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Tiberio, P.; Viganò, A.; Ilieva, M.B.; Pindilli, S.; Bianchi, A.; Zambelli, A.; Santoro, A.; De Sanctis, R. Female Reproductive Hormones. Encyclopedia. Available online: (accessed on 18 June 2024).
Tiberio P, Viganò A, Ilieva MB, Pindilli S, Bianchi A, Zambelli A, et al. Female Reproductive Hormones. Encyclopedia. Available at: Accessed June 18, 2024.
Tiberio, Paola, Alessandro Viganò, Mariya Boyanova Ilieva, Sebastiano Pindilli, Anna Bianchi, Alberto Zambelli, Armando Santoro, Rita De Sanctis. "Female Reproductive Hormones" Encyclopedia, (accessed June 18, 2024).
Tiberio, P., Viganò, A., Ilieva, M.B., Pindilli, S., Bianchi, A., Zambelli, A., Santoro, A., & De Sanctis, R. (2023, June 23). Female Reproductive Hormones. In Encyclopedia.
Tiberio, Paola, et al. "Female Reproductive Hormones." Encyclopedia. Web. 23 June, 2023.
Female Reproductive Hormones

Accumulating epidemiological studies have investigated a possible interconnection between migraine (Mi) and breast cancer (BC) because of the strong link between these diseases and female reproductive hormones. These hormones fluctuate within or outside a personal range over the lifespan. Approximately 75% of all BC express estrogen receptors (ER) and/or progesterone receptors (PR), commonly referred to as hormone receptors (HR).

breast cancer migraine estrogens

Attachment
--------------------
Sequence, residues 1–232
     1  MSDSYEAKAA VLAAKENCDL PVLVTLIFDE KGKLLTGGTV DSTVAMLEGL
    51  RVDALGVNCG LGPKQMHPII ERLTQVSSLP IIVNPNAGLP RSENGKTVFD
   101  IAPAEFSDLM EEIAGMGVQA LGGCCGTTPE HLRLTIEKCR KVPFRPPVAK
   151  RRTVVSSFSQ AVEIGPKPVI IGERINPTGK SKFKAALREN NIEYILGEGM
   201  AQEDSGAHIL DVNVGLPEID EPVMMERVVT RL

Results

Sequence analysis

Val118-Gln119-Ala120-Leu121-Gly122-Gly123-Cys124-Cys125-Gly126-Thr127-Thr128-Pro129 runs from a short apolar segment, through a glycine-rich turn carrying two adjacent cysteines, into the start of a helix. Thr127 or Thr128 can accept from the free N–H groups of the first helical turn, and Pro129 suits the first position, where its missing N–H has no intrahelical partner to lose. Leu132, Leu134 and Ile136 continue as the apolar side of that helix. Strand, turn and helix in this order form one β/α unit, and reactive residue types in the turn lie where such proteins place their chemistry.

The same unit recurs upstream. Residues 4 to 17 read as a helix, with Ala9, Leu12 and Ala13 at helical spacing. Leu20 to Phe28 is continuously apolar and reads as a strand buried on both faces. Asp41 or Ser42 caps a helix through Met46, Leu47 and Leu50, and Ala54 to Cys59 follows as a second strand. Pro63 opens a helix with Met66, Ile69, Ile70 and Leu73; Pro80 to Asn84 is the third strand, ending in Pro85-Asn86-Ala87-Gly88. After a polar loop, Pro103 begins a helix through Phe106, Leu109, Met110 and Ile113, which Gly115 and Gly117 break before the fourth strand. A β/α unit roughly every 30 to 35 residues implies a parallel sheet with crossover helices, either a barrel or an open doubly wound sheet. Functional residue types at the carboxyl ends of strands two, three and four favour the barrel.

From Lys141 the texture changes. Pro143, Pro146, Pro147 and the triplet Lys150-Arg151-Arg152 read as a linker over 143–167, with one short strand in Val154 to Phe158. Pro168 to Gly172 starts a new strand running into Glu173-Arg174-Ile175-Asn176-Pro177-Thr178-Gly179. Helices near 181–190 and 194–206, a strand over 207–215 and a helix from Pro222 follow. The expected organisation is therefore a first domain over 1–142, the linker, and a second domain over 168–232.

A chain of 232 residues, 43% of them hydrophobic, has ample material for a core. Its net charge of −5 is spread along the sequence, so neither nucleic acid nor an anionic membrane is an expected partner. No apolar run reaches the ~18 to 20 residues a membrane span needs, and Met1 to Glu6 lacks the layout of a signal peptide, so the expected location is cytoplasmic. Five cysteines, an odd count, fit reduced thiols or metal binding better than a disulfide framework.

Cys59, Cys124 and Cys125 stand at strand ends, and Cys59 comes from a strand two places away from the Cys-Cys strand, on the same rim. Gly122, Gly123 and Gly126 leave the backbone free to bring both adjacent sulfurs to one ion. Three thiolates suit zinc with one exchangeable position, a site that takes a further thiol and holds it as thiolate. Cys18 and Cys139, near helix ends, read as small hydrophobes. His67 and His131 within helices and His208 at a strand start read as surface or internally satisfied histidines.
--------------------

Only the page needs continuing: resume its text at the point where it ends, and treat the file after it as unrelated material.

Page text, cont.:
1. Hormonal Cycle Patterns

Some epidemiological studies emphasize the significant role of female reproductive hormones and their receptors in the potential connection between breast cancer (BC) and migraine (Mi). Specific patterns of hormonal variations are associated with both BC and Mi. Migraine with aura (MwA) is associated with the peak of estrogen concentration, while migraine without aura (MwoA) is associated with rapid drops in estrogen levels during the hormonal cycle [1]. On the other hand, BC is linked to high cumulative exposure to estrogens [2].
Notable differences have been highlighted between MwA and MwoA, regarding the posibility of experiencing headaches during menstruation, with a higher preference for MwoA [3][4]. It has been reported that a drop in circulating estrogen occurring 2–3 days before the onset of menses partially triggers menstrual-associated Mi [5]. Specifically, it has been found that 60% of women with Mi are more likely to have Mi attacks during peri-menstrual time periods and that there is a strong correlation between the onset of Mi (occurring between days 22 and 27) and the second dramatic drop of estrogens, which occurs in the luteal phase of the menstrual cycle. Similar findings had already been obtained in 1972 by Somerville and colleagues [6]. They demonstrated that women with Mi, who received a 10 mg intramuscular injection of estradiol, experienced a delayed Mi attack until the estradiol level returned to pre-treatment levels. In line with these data, epidemiologic findings showed that women suffer up to three times more from Mi in the peak of their reproductive years (20–40) compared with men, confirming the role of the hormonal cycle in headache prevalence. In more recent years, a multisite, multiethnic, longitudinal study has shown that female migraineurs are characterized by a faster decline in late luteal phase conjugated urinary estrogens (E1c) than controls [7]. Specifically, there were significant differences in E1c decline in the late luteal phase, and migraineurs showed a greater rate of E1c decline over the 2 days following the luteal peak than controls (40% vs. 30%; p < 0.001).